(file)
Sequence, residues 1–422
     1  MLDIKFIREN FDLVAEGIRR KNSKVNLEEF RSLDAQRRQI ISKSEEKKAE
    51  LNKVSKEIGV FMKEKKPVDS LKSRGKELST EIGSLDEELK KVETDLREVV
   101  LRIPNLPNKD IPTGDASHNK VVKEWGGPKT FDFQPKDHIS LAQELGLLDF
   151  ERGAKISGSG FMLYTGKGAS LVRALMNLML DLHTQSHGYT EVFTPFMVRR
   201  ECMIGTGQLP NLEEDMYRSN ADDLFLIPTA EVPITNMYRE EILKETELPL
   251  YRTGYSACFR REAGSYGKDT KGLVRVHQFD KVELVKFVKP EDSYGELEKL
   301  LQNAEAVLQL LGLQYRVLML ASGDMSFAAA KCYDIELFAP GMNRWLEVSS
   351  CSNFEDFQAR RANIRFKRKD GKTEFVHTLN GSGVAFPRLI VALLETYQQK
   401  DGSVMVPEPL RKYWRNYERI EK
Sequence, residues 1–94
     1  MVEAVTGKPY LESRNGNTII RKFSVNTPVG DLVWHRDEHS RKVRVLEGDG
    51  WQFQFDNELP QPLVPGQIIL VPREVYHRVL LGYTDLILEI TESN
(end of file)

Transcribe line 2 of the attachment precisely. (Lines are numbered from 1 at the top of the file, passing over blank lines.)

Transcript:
     1  MLDIKFIREN FDLVAEGIRR KNSKVNLEEF RSLDAQRRQI ISKSEEKKAE